We bring a frame that supports a toilet seat just like the one you have at home. We place it over a hole we dig far from camp and the river making a temporary outhouse, without the walls (you wouldn’t want to miss the view!). To ensure privacy we teach everyone the signals for when the bathroom is free: a paddle lying across the path to the toilet means “occupied”. If that same paddle is leaning against a tree it means “free”.
Trust us, as far as temporary bathrooms go, ours is hard to beat.
Hygiene and washing
You’ll appreciate the easy to use hand washing system that we set up at camp and our riverside lunch spots. Good hygiene is key on wilderness trips. This system means you can wash your hands just as well as you can at home.
Simply turn on the spout and you’ll have flowing clean water. We provide soap, hand sanitizer, wipes, and you’ll even get your own nail brush so you have everything you need to get as clean as you like!
Minimizing our footprint - sustainable tourism
Minimal impact camping techniques (sometimes called “Leave No Trace”) differ across the world depending on the type of environment and the amount of people travelling through. Our guide team works with the local conservation group to establish norms for the Magpie.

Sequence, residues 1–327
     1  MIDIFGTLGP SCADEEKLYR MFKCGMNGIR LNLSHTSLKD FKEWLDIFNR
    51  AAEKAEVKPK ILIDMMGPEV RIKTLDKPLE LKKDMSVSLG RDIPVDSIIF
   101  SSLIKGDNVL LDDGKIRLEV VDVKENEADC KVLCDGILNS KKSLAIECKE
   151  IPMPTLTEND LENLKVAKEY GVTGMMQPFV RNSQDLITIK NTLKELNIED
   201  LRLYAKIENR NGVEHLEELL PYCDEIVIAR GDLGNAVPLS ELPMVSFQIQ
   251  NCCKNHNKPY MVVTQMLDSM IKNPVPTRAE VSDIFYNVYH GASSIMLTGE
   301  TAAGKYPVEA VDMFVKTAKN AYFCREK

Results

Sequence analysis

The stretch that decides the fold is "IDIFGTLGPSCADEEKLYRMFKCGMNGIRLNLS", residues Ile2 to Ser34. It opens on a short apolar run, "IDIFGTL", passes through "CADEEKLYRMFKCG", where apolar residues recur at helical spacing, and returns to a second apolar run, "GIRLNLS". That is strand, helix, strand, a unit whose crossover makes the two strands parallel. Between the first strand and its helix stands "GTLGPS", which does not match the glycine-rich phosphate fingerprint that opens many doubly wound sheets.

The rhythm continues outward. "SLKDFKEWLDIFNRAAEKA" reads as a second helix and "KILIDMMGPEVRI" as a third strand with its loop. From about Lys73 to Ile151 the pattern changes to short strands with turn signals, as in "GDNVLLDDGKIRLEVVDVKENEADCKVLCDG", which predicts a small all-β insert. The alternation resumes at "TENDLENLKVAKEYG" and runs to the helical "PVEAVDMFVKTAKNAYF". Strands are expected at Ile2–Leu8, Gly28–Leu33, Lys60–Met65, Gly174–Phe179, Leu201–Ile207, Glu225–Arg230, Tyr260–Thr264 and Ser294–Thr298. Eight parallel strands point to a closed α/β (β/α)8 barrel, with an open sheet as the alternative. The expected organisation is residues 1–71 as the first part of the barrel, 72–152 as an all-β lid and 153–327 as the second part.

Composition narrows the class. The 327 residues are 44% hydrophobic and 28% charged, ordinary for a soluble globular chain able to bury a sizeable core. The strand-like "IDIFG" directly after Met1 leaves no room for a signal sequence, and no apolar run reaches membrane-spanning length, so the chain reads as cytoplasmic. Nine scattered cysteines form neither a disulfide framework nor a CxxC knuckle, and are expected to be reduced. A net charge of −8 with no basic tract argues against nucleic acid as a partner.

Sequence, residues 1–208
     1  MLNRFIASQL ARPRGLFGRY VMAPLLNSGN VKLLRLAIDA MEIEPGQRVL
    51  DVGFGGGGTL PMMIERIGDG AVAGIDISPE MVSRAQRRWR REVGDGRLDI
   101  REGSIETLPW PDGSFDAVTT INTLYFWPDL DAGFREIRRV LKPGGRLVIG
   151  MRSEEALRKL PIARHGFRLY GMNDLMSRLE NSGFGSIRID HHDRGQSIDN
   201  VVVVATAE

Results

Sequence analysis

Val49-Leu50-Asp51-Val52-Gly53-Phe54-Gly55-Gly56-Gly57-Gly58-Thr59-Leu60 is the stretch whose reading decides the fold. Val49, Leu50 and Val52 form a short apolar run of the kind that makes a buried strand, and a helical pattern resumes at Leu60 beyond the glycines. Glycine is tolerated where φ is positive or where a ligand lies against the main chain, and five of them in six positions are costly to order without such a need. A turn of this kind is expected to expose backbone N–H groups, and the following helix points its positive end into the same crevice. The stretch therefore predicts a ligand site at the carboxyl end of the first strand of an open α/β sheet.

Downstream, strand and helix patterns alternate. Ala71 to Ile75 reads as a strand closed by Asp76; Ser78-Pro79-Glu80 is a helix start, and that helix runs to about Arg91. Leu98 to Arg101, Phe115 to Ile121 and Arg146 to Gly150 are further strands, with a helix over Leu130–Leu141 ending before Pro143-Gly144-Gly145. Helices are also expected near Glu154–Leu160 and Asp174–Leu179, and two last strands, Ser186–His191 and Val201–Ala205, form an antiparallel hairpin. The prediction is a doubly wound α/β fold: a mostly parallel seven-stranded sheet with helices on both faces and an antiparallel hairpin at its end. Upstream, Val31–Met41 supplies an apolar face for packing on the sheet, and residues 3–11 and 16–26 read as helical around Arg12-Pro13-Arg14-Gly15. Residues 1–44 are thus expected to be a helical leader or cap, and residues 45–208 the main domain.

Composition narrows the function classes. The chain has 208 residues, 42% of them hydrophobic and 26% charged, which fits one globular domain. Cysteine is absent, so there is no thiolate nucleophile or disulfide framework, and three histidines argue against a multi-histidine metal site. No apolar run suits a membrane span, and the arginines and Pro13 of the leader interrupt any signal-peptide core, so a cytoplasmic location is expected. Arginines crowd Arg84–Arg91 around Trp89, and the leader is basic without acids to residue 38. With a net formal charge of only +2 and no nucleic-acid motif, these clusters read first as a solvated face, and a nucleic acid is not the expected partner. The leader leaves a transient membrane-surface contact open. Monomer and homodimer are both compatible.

With all of our cooking, washing, and bathroom procedures, your guides will show you the systems we use to stay comfortable and healthy while at the same time minimizing our impact on the surrounding ecosystem.
So few people visit this amazing landscape every year that we realize one of the biggest draws is the pristine environment. We do everything we can to keep it that way.
Read more about how Boreal River strives to protect the environment.
The Magpie’s water is exceptionally clean. But we always have purified water by bringing 2 systems:
- A gravity filter hangs at camp (like a pump filter but without the need to pump). The guides will always make sure there is filtered water available. You can fill your bottle with this water to keep with you during the day.
- We also bring plenty of water purification tablets. You can keep a few on you to purify your own bottle any time.
While purified water is always available, it is up to you if you want to drink water that you take directly out of the river. We don’t believe it is risky if you draw water from the Magpie anywhere where it is flowing steadily. Many paddlers including many of our guides drink the Magpie water. We are lucky to travel on a large river that has absolutely no industry, agriculture, or people living anywhere along the entire watershed (the Magpie and all of its tributaries).
Mosquitos and black flies are usually completely gone from the Magpie by mid-August. (We’ve had many an August trip where some guests decide to sleep outside for some of the nights to be right under the stars!) In early August there are still remnants of them just before dusk and after dawn, and on overcast days. Some years if July has been dry there are no bugs at all by the end of July. On higher-water years they can last longer into August.
The good news is, with the right approach and the help of your guides, you can protect yourself and stay comfortable.